Mumford & Sons is to music as Cheez Whiz is to food.
Easy now. Easy.
Please put the sharp objects down for a moment.
I say they are to music as Cheez Whiz is to food because both are fast, simple and easily digestible, but deeply lacking in nutritional value.
For what it’s worth, I try not to use my space on the Interwebz to bag on artists. I try to think deeper about what art is saying and what questions it makes us ask ourselves. Thus, the “my band is better than your band” fights feel like a waste of time.
It’s Mumford and Sons’ massive appeal that astounds me. Folk is experiencing a welcome reimagining as the ’10s wear on, but somehow, a group I find to be one of the blandest and most inoffensive is one of its frontrunners. It’s one of those groups that I look at and think, “These guys? Really?”
I’ve even seen them in person at last year’s Bridge School Benefit. They were energetic, but not even that was enough to win me over.
The British folk quartet’s second album, “Babel,” dropped Tuesday and is certain to be one of the highest-charting new releases when figures are released next week. Their debut, 2009’s “Sigh No More,” has sold more than two million copies in the U.S. alone.
As ever, sales alone do not make an artist great. That makes a group popular, but that is not synonymous with quality. To prove how fruitless it is to judge in terms of sales, the Backstreet Boys have sold more than 130 million records worldwide, according to some estimates.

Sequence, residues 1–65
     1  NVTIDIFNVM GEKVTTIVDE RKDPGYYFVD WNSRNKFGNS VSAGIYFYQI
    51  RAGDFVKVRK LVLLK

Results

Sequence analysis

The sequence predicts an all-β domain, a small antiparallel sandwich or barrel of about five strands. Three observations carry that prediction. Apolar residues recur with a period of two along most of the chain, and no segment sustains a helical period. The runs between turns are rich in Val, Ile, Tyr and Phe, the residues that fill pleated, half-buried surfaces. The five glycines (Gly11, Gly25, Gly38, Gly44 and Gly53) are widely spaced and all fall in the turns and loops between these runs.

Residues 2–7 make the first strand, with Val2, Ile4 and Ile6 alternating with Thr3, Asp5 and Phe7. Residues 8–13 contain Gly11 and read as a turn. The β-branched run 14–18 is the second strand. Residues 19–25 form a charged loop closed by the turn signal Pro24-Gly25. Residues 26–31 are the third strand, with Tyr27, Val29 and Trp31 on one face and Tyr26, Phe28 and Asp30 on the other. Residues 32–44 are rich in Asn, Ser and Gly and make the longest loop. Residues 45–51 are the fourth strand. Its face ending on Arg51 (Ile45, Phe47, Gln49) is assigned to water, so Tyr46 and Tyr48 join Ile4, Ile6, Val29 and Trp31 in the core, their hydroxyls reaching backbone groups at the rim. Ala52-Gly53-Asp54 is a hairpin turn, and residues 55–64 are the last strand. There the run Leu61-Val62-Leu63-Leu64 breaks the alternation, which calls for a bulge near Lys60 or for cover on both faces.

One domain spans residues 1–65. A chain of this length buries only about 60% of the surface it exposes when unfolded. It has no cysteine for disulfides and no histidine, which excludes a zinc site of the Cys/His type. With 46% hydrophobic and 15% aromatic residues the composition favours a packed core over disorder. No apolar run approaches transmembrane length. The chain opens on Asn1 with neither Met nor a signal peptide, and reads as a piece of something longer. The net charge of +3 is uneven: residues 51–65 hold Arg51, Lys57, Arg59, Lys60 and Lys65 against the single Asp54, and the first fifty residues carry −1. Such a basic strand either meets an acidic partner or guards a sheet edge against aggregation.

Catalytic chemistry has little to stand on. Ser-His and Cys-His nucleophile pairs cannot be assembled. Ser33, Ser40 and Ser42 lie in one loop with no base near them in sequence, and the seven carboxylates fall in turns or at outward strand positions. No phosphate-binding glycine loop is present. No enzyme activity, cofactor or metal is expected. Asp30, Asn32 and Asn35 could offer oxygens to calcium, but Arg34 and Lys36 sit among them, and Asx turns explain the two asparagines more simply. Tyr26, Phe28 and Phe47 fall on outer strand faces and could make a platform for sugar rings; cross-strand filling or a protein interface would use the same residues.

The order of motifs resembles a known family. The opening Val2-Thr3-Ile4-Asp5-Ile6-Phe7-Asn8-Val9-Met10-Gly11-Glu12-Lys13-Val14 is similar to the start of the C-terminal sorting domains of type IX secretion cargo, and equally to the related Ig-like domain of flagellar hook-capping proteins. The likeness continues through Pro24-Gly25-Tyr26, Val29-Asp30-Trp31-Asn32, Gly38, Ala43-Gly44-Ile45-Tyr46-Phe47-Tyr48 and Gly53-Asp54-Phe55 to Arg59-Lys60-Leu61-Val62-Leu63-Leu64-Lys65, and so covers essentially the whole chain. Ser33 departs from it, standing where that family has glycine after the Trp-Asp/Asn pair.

My primary issue with Mumford is that the group has flavor and one that is not particularly groundbreaking, profound or insightful. In fact, it wears thin pretty quickly.
In short, all their songs sound the same to me.
“But everyone who doesn’t like Mumford says that,” you say, raising the sharp objects once again.
Actually, that’s not just a sweeping criticism. Many of their songs really do. They follow a similar long, slow crescendo until Marcus Mumford yells and whoops over the crest of the hard-picking banjo wave.
If that doesn’t convince you, let’s get technical: A number of songs are in the same key and meter.
Some artists can make that work. Pretty much every song by The Strokes is in standard 4/4 time, but make listeners relatively unaware of it. They make it interesting and that’s what separates the acts worth revisiting from the ones that aren’t.
Cheese is cheese. That’s the form and artists have to work inside the parameters of what cheese tastes like and looks like. Some artists make parmigiano reggiano and others make Kraft slices.
For me, M&S is the latter. Their works are formulaic rather than organic. They’re pretty much all the same size and shape, much like 64 slices of individually wrapped American cheese.
If you asked me to tell you the difference between “Roll Away Your Stone,” “I Will Wait” and “Awake My Soul,” only lyrics would help me.
Remember that I do believe everyone likes something different and that’s a good thing. I’m not writing this as a judgment, but really, just to throw it out there and open the discussion: Why Mumford? Why this group?
The great thing about opinions is that there are so many of them. Mine is just one in the abyss of critical mass.
So while I think Mumford & Sons is calculated and hollow, that does not prohibit someone else from equating them to brie instead of Cheez Whiz.
So, please, take comfort in that and stop menacing me with the sharp objects.
To read more of Nick DeCicco’s blogs, visit http://dailyrepublic.typepad.com/forthoseabouttorock. Follow him on Twitter @ndeciccodr.